Actis, the emerging markets private equity giant, has oft found itself the on the receiving end of public criticism. The firm, which manages the largest pool of pan-emerging markets-focused capital in the world, was formerly part of CDC Group, a development agency owned by the UK government. It is this legacy – as a development-focused investor – that has continued to draw unwanted attention to the group.
In late January Andrew Mitchell, the UK’s Secretary of State for International Development, stood before a parliamentary committee and described Actis’ spin-out from CDC in 2004 as an “interesting and sorry saga”. CDC operates today as state-owned fund of funds which backs emerging managers to promote economic development in the world’s poorest countries. Actis, a direct private equity investor, was formerly part of CDC but now operates independently from the group (although CDC remains a limited partner in its funds).
When Actis’ management bought the firm out seven years ago, they paid £373,000 (€439 million; $600 million) for a 60 percent stake in the management company. The government, with its 40 percent remaining stake in the business, is entitled to 80 percent of the ongoing profits under the deal struck.
The problem, Mitchell elaborated to the committee, was that being a private equity firm, Actis’ success is reflected in the carry it generates for partners in the team, not the profit it makes as a company.
“We have a situation where the taxpayer, as a shareholder, is entitled to 80 percent of the profits, but the business is being run in such a way as to ensure that taxpayers and the government receive nothing whatsoever from that,” said Mitchell. He went on to outline the fact that any profits created by Actis had been directed towards a philanthropic arm, essentially meaning there were no profits.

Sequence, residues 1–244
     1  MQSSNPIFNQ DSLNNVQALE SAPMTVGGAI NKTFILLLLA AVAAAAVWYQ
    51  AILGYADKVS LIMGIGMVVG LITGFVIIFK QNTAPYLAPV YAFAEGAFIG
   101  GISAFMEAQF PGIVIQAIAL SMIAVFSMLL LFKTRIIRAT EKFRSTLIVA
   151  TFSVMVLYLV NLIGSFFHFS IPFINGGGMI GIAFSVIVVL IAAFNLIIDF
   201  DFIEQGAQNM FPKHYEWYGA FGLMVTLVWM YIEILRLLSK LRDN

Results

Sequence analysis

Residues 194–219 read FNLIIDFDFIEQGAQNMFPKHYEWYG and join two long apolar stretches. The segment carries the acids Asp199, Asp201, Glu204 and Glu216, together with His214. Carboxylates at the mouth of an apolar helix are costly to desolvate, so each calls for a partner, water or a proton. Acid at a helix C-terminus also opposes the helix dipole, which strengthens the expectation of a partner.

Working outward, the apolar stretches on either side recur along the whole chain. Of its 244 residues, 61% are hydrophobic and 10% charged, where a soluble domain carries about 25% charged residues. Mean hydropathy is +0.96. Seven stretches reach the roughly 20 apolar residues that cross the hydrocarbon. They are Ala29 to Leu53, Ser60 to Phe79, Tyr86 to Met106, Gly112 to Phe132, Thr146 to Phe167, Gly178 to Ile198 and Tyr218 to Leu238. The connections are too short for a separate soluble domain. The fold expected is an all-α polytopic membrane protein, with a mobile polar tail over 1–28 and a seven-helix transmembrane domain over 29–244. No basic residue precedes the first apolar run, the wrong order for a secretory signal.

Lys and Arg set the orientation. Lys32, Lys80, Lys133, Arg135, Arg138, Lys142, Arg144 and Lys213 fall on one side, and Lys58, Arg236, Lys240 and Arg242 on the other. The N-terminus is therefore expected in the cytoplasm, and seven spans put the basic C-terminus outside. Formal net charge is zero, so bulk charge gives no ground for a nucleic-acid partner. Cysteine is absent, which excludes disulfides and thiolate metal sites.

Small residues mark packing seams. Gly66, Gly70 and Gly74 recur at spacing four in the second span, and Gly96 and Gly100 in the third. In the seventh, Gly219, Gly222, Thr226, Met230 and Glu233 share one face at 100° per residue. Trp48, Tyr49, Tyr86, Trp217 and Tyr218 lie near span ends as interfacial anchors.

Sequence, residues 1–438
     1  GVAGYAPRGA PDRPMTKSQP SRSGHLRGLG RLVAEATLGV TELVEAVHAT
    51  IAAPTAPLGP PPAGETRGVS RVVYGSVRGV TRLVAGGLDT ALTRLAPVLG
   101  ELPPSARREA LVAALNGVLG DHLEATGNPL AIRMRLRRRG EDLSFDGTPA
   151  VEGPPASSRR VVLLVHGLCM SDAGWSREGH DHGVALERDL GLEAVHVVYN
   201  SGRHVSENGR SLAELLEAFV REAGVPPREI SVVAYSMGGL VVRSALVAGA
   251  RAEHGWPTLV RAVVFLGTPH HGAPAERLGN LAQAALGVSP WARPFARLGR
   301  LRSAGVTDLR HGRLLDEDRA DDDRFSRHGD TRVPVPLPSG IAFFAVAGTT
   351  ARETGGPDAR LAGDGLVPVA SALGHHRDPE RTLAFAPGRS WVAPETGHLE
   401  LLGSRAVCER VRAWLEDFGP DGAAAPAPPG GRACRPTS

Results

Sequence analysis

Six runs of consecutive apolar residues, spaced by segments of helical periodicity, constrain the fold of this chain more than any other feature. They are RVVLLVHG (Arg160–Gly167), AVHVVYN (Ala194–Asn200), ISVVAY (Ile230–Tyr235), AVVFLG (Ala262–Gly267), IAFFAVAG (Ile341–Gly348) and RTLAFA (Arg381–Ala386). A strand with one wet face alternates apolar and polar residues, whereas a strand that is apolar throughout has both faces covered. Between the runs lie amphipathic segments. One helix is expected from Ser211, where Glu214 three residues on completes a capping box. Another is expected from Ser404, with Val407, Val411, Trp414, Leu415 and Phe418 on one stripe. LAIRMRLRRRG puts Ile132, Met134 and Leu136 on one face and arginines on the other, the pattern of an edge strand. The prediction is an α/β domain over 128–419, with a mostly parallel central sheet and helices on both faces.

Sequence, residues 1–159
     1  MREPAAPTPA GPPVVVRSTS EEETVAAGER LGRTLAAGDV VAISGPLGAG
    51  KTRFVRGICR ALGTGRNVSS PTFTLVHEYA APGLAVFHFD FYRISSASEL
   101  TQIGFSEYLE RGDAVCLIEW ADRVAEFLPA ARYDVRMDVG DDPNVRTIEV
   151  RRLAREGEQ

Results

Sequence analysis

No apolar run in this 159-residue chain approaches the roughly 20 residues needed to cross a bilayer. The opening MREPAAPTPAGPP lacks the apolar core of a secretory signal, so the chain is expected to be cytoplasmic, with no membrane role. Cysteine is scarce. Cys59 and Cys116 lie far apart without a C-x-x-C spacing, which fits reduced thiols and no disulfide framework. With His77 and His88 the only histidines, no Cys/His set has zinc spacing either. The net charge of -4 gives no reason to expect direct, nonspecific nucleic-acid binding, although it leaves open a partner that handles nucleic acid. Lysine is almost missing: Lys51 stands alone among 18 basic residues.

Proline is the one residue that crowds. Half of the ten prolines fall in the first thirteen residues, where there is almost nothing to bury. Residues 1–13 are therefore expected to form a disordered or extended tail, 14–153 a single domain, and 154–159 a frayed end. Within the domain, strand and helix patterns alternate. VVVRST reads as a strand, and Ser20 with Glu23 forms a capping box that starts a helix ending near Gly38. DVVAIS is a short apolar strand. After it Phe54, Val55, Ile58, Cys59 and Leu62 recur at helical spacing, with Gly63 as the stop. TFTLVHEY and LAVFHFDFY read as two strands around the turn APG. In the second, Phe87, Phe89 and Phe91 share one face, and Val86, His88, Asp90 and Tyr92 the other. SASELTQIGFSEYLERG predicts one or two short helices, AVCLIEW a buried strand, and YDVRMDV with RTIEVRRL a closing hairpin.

“I very much fear that when ministers made the decision to spin Actis out of CDC, they did not appear to have fully understood the new arrangements that they agreed,” he continued.
Indeed, he would seem to be right. Private equity fees are there to cover running costs, not to generate profits. Managers are incentivised by the fund returns, and as Actis points out, it has paid back $3.4 billion to its LPs (including CDC Group, aka the taxpayer).
Actis operates in a manner entirely in line with industry peers. In fact, it is seen as a leader in the industry on environmental, social and governance issues relating to its investments. But public opprobrium – which is frequently also directed towards CDC – tends to be fuelled by the contrast between individuals’ remuneration and the return seen by the government.
“Actis was created on a private sector model. It is extremely successful,” said Mitchell. “It has invested its capital very well. Its existing management, many of whom came out of CDC, are doing phenomenally well and, in my view, they out-negotiated the then government.”
The next step is for the government’s Department for International Development to sell its 40 percent stake in the firm. The Actis management are currently engaged with DfID over the buyout, and Mitchell’s assessment of the situation may not help the process. He described Actis’ management as “enthusiastically exploiting the taxpayer’s position”. “It remains to be seen whether they will recognise and rectify this shameful position in any future discussions,” he said. Actis says it anticipates reaching an outcome “satisfactory to seller and buyer”.
If the government cannot get what it feels is a fair price for its stake in the firm, perhaps it should sell its stake to a third party. There are a number of sovereign wealth funds throughout the world which have hungrily been taking stakes in managers: China Investment Corporation, Mubadala and the Abu Dhabi Investment Authority, for example. These may be interested in Actis as a means to access attractive co-investment opportunities among other benefits. This would let the market decide what is satisfactory to seller and buyer.
As PEI was going to press, news broke that Richard Laing the long-standing chief executive officer of CDC, will step down from the role early next year after the government has completed its review of the group’s activities. Under Laing’s stewardship, CDC has become one of the most important LPs in emerging markets private equity; currently the group has $5 billion committed to private equity funds, predominantly in Africa and Southeast Asia. Laing’s personal contribution to developing the private equity industry – particularly in Africa – was considerable and he will be missed.